Background. While studies of students' evaluations of teaching effectiveness (SETEs) have a long history in the United States, few studies have been carried out with United Kingdom students. Aims. This paper examines the utility of using a questionnaire approach to assess teaching effectiveness with United Kingdom students. Structural modelling was used to examine perceived relationships between teacher, course and student characteristics. Sample. A total of 1708 full-time undergraduate students undertaking degrees in health and social science courses at the University of Ulster participated in the study. Method. Exploratory and confirmatory factor analyses and structural modelling techniques (LISREL 8) were employed to investigate participants' responses to the Teaching Effectiveness Survey, a measure of students' evaluations of teaching effectiveness. Results. Perceived Teaching Quality was found to be related to course characteristics. Teacher, course and student characteristics together explained 88 per cent of the variance in students' Overall Evaluations with Teaching Quality, course and student characteristics explaining 42 per cent, 18 per cent and 28 per cent respectively. Conclusion. The results suggest that questionnaire items derived from American studies can be used effectively with United Kingdom students. Students' perceptions of overall course effectiveness were found to be dependent on student and course characteristics as well as teacher inputs.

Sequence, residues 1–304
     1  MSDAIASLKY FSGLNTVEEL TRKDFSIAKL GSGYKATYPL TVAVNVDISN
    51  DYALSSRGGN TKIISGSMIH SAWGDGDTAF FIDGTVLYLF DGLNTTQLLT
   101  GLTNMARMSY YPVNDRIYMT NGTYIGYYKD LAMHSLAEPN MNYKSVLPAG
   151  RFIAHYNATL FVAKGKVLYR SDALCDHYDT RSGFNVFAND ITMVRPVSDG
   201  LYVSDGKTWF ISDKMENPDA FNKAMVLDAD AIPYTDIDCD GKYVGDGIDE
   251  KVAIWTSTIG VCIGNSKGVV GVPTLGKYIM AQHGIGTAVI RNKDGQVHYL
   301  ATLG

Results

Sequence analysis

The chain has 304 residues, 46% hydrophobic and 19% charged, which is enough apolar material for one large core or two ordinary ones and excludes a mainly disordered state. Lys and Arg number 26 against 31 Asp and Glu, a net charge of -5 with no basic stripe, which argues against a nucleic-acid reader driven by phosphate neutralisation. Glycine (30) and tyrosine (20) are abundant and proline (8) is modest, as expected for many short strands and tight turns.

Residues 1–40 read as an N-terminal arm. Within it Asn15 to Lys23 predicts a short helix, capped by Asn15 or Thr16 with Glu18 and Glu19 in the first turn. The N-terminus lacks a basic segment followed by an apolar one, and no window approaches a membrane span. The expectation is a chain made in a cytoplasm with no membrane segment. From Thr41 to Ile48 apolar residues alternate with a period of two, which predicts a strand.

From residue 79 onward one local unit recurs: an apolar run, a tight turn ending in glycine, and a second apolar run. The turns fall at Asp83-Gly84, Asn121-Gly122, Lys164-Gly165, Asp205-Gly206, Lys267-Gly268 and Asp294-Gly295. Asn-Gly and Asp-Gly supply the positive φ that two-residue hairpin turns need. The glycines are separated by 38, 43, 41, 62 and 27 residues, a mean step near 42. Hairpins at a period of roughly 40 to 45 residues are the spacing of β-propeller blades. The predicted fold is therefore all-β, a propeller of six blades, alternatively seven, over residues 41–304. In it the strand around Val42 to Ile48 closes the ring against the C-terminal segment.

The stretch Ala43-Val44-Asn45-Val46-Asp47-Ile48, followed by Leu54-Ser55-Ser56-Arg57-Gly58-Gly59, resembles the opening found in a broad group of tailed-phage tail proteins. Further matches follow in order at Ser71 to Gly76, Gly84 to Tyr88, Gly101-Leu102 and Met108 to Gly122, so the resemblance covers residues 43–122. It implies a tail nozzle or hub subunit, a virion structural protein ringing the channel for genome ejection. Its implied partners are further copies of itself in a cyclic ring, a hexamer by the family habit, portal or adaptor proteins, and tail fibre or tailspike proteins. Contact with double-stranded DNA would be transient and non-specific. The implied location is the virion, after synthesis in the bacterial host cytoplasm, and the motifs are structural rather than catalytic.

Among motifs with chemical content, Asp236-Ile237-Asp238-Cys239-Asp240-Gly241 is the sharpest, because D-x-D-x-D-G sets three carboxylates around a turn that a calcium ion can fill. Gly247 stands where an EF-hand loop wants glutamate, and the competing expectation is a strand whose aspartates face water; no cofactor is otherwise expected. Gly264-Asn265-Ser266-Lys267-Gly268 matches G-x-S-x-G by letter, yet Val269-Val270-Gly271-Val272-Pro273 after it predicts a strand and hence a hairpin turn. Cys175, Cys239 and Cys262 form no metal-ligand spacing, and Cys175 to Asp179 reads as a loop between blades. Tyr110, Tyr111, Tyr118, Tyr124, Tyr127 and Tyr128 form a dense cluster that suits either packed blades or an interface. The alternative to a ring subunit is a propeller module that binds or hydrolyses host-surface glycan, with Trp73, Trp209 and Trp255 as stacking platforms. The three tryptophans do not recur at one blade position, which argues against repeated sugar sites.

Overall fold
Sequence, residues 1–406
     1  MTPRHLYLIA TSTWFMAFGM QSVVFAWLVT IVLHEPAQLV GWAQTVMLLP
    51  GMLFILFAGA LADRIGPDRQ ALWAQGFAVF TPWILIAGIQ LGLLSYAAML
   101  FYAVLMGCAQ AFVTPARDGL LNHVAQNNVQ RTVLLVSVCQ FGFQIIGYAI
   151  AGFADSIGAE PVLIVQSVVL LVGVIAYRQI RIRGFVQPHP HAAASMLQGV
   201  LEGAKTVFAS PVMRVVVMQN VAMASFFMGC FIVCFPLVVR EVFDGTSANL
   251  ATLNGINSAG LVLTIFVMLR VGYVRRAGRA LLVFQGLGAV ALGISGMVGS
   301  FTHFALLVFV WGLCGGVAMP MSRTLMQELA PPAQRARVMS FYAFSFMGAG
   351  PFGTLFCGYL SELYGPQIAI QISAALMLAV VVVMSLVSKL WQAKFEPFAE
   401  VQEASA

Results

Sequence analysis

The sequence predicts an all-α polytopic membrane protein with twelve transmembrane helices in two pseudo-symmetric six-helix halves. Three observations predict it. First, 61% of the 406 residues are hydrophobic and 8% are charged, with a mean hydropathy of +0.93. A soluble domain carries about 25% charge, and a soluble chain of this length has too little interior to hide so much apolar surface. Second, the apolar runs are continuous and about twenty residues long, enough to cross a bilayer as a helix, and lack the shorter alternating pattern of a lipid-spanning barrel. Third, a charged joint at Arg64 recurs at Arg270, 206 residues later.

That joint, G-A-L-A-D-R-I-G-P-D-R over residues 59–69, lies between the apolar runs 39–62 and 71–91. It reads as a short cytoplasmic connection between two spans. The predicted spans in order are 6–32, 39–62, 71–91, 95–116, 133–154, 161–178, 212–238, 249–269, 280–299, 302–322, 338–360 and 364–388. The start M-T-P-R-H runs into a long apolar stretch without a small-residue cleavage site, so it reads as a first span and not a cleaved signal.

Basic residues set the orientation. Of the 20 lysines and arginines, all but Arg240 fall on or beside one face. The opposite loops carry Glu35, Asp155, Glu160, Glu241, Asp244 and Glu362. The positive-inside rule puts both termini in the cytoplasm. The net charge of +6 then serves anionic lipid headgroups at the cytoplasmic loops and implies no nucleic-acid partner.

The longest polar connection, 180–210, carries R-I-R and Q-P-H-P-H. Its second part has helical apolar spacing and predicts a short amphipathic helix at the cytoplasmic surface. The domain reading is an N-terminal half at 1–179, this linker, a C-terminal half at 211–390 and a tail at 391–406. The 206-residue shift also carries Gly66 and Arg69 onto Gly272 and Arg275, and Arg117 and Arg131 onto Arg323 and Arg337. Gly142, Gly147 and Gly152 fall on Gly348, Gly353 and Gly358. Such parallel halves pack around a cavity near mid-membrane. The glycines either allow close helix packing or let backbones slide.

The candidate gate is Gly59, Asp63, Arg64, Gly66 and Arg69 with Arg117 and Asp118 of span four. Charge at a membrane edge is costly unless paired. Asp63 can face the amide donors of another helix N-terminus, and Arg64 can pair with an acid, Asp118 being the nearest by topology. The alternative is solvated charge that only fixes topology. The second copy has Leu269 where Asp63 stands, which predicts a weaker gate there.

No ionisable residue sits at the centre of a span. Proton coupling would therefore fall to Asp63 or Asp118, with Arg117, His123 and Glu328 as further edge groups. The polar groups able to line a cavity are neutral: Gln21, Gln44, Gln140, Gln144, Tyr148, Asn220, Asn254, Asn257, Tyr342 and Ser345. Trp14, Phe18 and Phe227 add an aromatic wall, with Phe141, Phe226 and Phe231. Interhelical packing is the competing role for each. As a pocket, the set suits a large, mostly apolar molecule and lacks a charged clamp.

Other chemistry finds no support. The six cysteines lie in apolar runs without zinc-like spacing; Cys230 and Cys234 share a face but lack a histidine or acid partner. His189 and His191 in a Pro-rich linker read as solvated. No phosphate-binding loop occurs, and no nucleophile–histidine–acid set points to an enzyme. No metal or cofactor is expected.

|Journal||British Journal of Educational Psychology|
|Issue number||Part 3|
|Publication status||Published (in print/issue) - Sep 1998|